Eight Cases of COVID-19 Reported at Phillies Facility in Florida (UPDATES)

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Eight Cases of COVID-19 Reported at Phillies Facility in Florida (UPDATES)

Chicago Cubs

Unfortunately, it was only a matter of time, and that time has arrived: the first outbreak (scale yet unknown) at a Major League facility.

It’s the Phillies complex in Florida, a state where COVID-19 cases have been climbing at an alarming rate:

Five unnamed Phillies players and three staff members have tested positive for COVID-19, and thankfully, per NBC’s report, none are in the hospital, “and the virus appears to be under control in all of them.” More tests are awaiting results, however.

To be sure, the reason there are going to be safety and testing protocols for the return to baseball is precisely because a total absence of the virus is impossible. What you need to be able to do – heck, what pretty much everywhere needs to be able to do in order to operate right now – is dramatically limit risks of transmission, immediately identify positive tests, quarantine those individuals and others at serious risk of transmission, trace all contacts, administer rapid tests to anyone who could be infected, etc. I hope that’s what has happened here at the Phillies facility and that’s how they actually identified these eight cases, but we’ll see.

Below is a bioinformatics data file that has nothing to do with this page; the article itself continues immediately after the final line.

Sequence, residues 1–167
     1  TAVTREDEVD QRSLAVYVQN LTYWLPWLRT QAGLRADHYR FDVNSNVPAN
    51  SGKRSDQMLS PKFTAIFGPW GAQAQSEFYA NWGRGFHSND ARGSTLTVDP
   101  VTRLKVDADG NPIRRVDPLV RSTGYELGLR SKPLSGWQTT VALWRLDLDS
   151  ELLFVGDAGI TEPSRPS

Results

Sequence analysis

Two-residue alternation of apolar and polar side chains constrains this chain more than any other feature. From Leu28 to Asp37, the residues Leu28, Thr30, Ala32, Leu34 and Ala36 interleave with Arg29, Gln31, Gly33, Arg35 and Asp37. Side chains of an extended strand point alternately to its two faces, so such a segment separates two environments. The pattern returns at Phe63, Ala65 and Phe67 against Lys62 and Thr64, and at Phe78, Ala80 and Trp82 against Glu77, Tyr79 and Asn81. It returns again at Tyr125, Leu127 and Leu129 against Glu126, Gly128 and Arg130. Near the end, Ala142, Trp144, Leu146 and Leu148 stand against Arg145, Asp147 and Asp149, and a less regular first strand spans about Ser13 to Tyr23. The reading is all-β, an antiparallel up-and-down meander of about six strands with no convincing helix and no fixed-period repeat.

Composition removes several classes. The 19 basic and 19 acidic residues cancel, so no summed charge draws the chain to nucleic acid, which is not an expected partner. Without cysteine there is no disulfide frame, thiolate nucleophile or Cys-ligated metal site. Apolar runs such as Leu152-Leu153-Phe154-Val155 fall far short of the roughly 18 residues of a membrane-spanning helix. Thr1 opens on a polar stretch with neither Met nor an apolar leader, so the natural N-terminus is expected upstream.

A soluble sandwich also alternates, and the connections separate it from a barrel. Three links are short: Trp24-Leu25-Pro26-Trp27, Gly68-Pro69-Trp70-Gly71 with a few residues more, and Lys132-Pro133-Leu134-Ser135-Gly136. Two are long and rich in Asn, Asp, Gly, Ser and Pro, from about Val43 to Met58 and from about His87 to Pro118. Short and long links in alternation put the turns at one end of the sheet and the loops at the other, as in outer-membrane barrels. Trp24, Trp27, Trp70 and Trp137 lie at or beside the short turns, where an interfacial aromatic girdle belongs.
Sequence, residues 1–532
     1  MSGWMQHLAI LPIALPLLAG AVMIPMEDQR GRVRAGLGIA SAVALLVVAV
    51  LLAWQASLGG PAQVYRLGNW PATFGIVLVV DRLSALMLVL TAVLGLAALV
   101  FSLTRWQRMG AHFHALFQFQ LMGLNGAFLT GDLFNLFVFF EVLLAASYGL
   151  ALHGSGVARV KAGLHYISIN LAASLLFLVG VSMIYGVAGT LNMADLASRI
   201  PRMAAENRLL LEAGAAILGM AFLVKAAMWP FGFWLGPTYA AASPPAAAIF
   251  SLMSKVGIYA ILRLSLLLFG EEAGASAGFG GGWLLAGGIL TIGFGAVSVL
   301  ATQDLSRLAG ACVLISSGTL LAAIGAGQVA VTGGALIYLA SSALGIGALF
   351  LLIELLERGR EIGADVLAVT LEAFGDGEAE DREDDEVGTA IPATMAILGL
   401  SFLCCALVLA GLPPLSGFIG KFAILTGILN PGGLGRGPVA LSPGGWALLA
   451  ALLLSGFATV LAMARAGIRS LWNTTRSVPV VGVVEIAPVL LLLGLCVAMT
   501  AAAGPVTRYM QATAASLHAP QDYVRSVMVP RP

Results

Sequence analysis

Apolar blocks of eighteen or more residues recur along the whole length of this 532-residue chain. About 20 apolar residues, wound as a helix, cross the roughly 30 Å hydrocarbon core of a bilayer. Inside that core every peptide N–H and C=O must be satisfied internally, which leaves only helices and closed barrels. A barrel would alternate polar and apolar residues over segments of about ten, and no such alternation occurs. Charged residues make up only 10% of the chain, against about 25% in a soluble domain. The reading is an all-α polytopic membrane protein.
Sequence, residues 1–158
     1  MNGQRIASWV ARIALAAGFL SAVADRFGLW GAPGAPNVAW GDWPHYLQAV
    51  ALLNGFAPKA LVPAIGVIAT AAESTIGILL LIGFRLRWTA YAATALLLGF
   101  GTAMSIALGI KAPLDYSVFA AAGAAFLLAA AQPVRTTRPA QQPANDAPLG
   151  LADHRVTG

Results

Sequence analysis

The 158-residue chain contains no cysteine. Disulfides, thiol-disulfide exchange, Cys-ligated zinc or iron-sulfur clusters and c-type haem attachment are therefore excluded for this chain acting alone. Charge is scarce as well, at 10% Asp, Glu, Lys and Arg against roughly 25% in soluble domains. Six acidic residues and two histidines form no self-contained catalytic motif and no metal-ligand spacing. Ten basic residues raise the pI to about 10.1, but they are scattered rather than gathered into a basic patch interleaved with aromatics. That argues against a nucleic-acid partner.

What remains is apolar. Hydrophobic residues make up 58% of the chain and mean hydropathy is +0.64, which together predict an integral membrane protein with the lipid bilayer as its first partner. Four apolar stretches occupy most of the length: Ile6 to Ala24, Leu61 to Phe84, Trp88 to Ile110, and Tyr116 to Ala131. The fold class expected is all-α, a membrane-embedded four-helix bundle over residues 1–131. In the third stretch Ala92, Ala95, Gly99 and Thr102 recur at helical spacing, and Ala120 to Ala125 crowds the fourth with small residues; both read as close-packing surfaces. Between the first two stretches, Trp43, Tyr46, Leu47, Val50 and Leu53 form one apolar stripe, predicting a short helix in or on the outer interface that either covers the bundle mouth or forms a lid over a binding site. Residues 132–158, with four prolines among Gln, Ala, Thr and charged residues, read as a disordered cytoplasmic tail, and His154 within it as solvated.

I don’t want to tell anyone this isn’t a concern – it is. But I also don’t want to act like this isn’t precisely the risk we all take by leaving our houses to do things around other people at the moment. It’s a risk. Players have been working out at some facilities like this for only a few weeks, and have done so – in theory – under strict medical precautions. Yet the virus still spread, at least some. It’s that transmissible.

UPDATE: As you would expect, the Phillies have closed their facility:

A good and right and fine decision, though it kinda begs the more important question. Given what we know about virus transmission, closing a facility for a short period of time to disinfect is fine … but that’s not really what matters. It’s the humans that matter.

UPDATE 2: I would think that caring about your fellow humans would be enough, but even if that doesn’t urge people to change behaviors, note that it could sink sports, too:

UPDATE 3: Lots of connections:

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Author: Brett Taylor

Brett Taylor is the Editor and Lead Cubs Writer at Bleacher Nation, and you can find him on Twitter at @BleacherNation and @Brett_A_Taylor.